The message was mysterious. "I'd like to meet you. I am the ruler of one of the three biggest countries in the world." I don't get an invitation like that every day. Once or twice a month, yes, but not every day.
But who could it be? All large countries are run by guys, aren't they? The biggest nations by population are China, India and the US. The biggest ones by land mass are Russia, Canada and China. The biggest places by ego of ruling party members are Singapore, North Korea and Malaysia. They're all run by guys, which is probably why the world is in such a mess.
Any sensible, intelligent person would have ignored such a wacky invitation. So 14 minutes later I was there. At the coffee shop I met a pleasant thirty-something Australian woman called Janice. She explained that "the land of Facebook" had just overtaken the US as the third biggest country in the world, with 350 million people, compared to America's 308 million.
"And at present rates of growth, we will hit one billion by 2015 and overtake China and India by 2017," she said. "Then we will rule the world."
I pointed out the flaw in her argument: "Facebook is not a country." She smiled slowly. "That's a technicality. The information you need to provide to join Facebook is similar to that you provide to get a passport, and your Facebook name is equivalent to your passport number. Facebook users have rights and duties, and are actually more cohesive than citizens of other countries."
The points she made were reasonable, albeit insane, but there was another issue: What made her the ruler? She explained: "Facebook is a democratic kingdom. The company tries to make decisions, but in the end, the typical user decides what happens. The gingerism debate is a good example."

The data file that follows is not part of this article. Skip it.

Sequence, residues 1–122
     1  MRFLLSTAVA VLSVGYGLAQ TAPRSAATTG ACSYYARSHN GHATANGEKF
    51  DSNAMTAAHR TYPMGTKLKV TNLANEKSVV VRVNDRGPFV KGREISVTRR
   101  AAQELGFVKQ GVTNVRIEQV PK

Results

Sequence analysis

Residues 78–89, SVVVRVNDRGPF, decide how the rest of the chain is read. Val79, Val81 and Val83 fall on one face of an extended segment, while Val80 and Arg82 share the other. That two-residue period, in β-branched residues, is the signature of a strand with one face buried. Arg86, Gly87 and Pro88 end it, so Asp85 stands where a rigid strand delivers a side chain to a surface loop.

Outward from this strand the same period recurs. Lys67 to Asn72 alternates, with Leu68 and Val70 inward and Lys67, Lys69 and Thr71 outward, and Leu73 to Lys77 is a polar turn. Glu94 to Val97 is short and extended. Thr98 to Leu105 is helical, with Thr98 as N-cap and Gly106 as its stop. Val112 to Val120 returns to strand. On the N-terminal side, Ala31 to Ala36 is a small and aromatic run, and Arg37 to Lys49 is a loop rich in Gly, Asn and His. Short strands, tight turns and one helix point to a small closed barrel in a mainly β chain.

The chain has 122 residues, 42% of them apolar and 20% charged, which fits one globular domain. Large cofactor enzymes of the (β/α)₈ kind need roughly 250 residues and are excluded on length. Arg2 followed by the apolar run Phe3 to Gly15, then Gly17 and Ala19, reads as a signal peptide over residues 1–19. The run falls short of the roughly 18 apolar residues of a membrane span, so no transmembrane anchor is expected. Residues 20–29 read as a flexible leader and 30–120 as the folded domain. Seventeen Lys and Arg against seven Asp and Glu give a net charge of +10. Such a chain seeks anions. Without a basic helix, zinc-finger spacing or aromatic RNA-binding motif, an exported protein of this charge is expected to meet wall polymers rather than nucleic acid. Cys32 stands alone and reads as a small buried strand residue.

I had no idea what gingerism was, but I could guess what was coming. I said: "And you are a 35-year-old white female, thus you are the typical user, thus you rule Facebook." She nodded and took a sip of her triple-shot soy latte.
I asked: "But have you and your mates had any experience at governing a country?" She shook her head. "No. But we've all played Farmville." I said: "That'll do. It pretty much covers all the bases."
It was one of the strangest conversations I had had for a long time, and I'm talking two, maybe three hours. I told her: "You know, it's not really the number of people that count. It's the size of the economy." But she replied: "If it's the economy, then the Facebook community has already got more money than China and India."
Janice and her mates are working on a flag and a national anthem and are writing immigration policies (some of them want MySpace users barred).
But I eventually came up with an argument that caused her to pause. "If Facebook is a country, users have to get off their backsides and compete in the Olympics; they have to finance international bodies like the UN; and they have to send their share of peacekeepers to Afghanistan."
She put down her latte. Maybe being experienced at Farmville isn't enough after all.
The writer is a columnist and journalist.